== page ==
German ZEW economic sentiment index (Mar)
Tuesday: At the end of last year, German investor sentiment underwent a sharp improvement after months of being in negative territory, on hopes that the growth in recent PMI data was symptomatic of a broader recovery in the German economy. This led to the DAX hitting a record high in February. Since then, the equity market rally has come unstuck spectacularly. These sharp declines are likely to be reflected in the latest investor sentiment data, which will probably result in further reductions after the index hit a four-and-a-half-year high of 26.7 in January. This could lead to the index slipping back into negative territory again, as investors consider whether it’s safe to get back into the market.
FedEx Q3 results
Tuesday: The number of packages and freight that a logistics and parcel company transports, nationally and internationally, is a reliable indicator of economic activity and confidence. In its last quarter, FedEx cut its guidance for the second time in three months, warning that a weaker global economy, higher costs, and the loss of its Amazon contract, was likely to see it miss its targets. The company not only flopped in its Q2 numbers, but also warned that its upcoming Q3 numbers were anticipated to come in short, as it announced slowdowns in hiring and cuts to freight flights due to lower demand. Profit is expected to come in at $1.61 a share.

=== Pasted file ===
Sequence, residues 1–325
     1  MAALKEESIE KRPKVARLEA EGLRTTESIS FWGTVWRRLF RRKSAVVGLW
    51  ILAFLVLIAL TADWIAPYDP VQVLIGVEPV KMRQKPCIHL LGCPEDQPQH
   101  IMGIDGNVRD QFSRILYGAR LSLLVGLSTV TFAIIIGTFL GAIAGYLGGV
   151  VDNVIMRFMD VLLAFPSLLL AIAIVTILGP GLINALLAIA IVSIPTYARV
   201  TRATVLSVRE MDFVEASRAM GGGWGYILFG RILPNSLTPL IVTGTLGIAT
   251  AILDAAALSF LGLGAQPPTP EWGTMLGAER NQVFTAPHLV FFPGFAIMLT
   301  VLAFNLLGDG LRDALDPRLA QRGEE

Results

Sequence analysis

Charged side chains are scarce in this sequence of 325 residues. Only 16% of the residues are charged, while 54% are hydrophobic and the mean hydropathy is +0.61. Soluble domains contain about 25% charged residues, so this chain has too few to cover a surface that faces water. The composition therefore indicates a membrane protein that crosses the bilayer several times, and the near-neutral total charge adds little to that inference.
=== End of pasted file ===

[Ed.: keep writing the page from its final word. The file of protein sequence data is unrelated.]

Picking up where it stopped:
US Federal Reserve interest-rate decision
Wednesday: The US central bank caught markets on the hop earlier this month, after unexpectedly slashing rates by 50 basis-points in response to concerns over tighter monetary conditions in the US economy, and a global slowdown due to the coronavirus outbreak. It was a remarkably quick change of tone from a central bank, whose officials had been unusually sanguine about the risks posed by the virus. This abrupt change of stance initially prompted a modest rally higher. However, the net effect spooked investors, to the extent that markets soon fell sharply. This week the Federal Reserve is expected to do more, and while the US central bank may cut rates again, it’s hard to see what effect more rate cuts might have, given that it causes a shock in both supply and demand. Fed chair, Jerome Powell, is likely to face tough questions over what other measures it can take in respect to protecting financial stability in the aftermath of the recent problems in US treasury markets.